LEBANON: A “MUTUAL COEXISTENCE” TO A POLITICAL SOLUTION AVOIDING INTERFERENCE FROM OTHER COUNTRIES

The role of political parties and the leadership of family political dynasties under a selective democracy

By Glauco D’Agostino

Last November 12th attack in the Beirut Shiite Burj el-Barajneh neighbourhood, which resulted in 44 deaths and more than 239 injuries in the Ḥizb Allāh stronghold, was preceded by an important political act towards a break of the paralysis jamming the country: for the first time since May 2014, the Lebanese Chamber of Deputies had gathered to approve more than 40 draft laws to be ratified, including the ones about the end of banking secrecy, the naturalization of foreigners by Lebanese origin, and the improvement of military infrastructure. On the other hand, the electoral law and presidential institution reforms had not been discussed, and the President of Lebanon election had been postponed for the 31st time, due to lack of Assembly quorum.

After the Christian parties threats of taking to the streets when, pending legislative elections for six years, a reform of electoral law was not included in the political agenda, who had welcomed the invitation had finally been Ḥizb Allāh Secretary General Ḥasan Naṣrallāh (on the poster exhibited by a Shiite woman in the above photo), by wishing an overall political agreement between the March 8th and March 14th movements, as the two major opposed political alignments are referred to. The striking fact is that both movements, however contrasting each other, since February 2014 have been representing the backbone of the national unity government of 70-years-old Tammām Ṣāʾib Salām, belonging to a powerful family of landowners and elected to the Chamber of Deputies as an independent in the lists of Tayyār al-Mustaqbal (Future Movement) of former Sunni Prime Minister Saʿd ad-Dīn al-Ḥarīrī: indeed, 8 ministerial posts (2 of which to Ḥizb Allāh members) have been attributed to the Taḥāluf 8 Adhār (March 8th Alliance), 8 (including the Interior and Justice ones) to the Ḥarīrī’s anti-Syrian coalition Taḥāluf 14 Adhār  (March 14th Alliance), and 8 ministers close to Mīshāl Sulaymān, the Maronite Christian President in office at the time of the government establishment and therefore regarded as neutral, and to the Druze leader Walīd Jumblatt, regarded as a “centrist”.

The National Pact and the Ṭāʾif Agreement

Since President Sulaymān’s end of the mandate on May 25th, 2014, Presidency has been vacant and governed by Prime Minister Salām. The difficulty of reaching a shared an election lies in the confessionalism specified by the unwritten National Pact dating back to 1943 (the same year of recognition of Lebanon independence from France), which provided for the allocation of offices according to the following still operating scheme:

  • The President of Lebanon and the Chief of the General Staff are up to the Maronite Christians;
  • The premiership to the Sunni Muslims;
  • The Parliament Speaker to the Shiite Muslims;
  • The Deputy Speaker of the Parliament and the Deputy Prime Minister to the Greek Orthodox;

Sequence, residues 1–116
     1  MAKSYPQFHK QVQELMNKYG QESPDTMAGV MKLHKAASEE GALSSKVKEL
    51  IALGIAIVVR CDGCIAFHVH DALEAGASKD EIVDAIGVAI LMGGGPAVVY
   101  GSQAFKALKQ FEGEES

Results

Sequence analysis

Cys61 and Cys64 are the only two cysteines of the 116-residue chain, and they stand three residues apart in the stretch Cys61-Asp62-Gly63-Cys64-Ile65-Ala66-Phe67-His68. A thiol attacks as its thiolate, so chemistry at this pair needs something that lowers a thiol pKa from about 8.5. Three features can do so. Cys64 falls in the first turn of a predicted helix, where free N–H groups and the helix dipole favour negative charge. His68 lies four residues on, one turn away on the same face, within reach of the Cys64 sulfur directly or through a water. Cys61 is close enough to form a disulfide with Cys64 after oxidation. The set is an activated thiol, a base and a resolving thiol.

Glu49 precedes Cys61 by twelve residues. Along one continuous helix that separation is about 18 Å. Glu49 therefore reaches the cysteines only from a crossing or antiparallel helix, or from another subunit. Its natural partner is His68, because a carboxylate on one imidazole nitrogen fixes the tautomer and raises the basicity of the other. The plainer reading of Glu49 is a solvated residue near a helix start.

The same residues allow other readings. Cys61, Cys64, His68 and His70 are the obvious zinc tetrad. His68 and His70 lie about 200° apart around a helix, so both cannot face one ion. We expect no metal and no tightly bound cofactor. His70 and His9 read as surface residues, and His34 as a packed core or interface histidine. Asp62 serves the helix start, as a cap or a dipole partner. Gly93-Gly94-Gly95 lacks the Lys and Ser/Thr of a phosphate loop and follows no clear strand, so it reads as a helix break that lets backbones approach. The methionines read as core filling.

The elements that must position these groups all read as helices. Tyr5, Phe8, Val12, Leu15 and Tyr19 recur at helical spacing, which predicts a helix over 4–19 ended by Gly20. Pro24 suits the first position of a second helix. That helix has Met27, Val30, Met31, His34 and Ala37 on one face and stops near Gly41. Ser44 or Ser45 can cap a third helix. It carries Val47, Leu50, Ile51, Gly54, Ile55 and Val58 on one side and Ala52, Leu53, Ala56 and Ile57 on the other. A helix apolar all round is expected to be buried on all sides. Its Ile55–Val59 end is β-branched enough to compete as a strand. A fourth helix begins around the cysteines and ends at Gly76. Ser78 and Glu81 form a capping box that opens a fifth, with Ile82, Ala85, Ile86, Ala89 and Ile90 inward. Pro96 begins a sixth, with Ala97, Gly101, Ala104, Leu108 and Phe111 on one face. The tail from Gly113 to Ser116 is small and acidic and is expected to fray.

• The Chief of Army Staff to the Druze.

Furthermore, under the National Pact, the parliamentary seats were allocated in a ratio of 6 : 5 in favour of the Christians to Muslims, according to the 1932 territorial census and municipal boundaries, when most population was Christian.

Nowadays, Muslims are more than half of the population (shared equally between Shiites and Sunnis), and, following decades of calling for a system revision according to an allocation of representation taking into account their greater demographic weight in the society, they have seen rewarded their efforts by the 1989 Ṭāʾif Agreement, which acknowledged a parity in the Christians / Muslims ratio for the assignment of the 128 parliamentary seats and in the government composition, all based on a “mutual coexistence” principle. Moreover, each sub-group adhering to a confessional community has a fixed number of representatives in the Chamber of Deputies, so that the electoral contest among candidates in an individual constituency is also focused on winning the votes of a differing religious community. The most represented Christians are the Maronites, the Eastern Orthodox, the Melkite Catholics, and the Apostolic Armenians; the ones among Muslims, are the Sunnis, the Shiites and the Druze, of course.

Nevertheless, political conflicts currently in place in Lebanon are not between Muslims and Christians, but between the Sunni and Shiite Muslims, with various Christian groups joining in turn either of the two Muslim struggling factions, as testified by the alliance at-Tayyār al-Waṭanī al-Horr (Free Patriotic Movement) of the Maronite Christian Michel Naim Aoun, its founder, and Gebran Gerge Bassil (right in the photo below), its leader and current Foreign Minister of Salām’s Government, made with the Ḥizb Allāh Shiites within March 8th Alliance. On the ground, the existing lines of separation between Sunnis and Shiites are essentially those that separated Christians and Muslims during the 1975-90 civil war.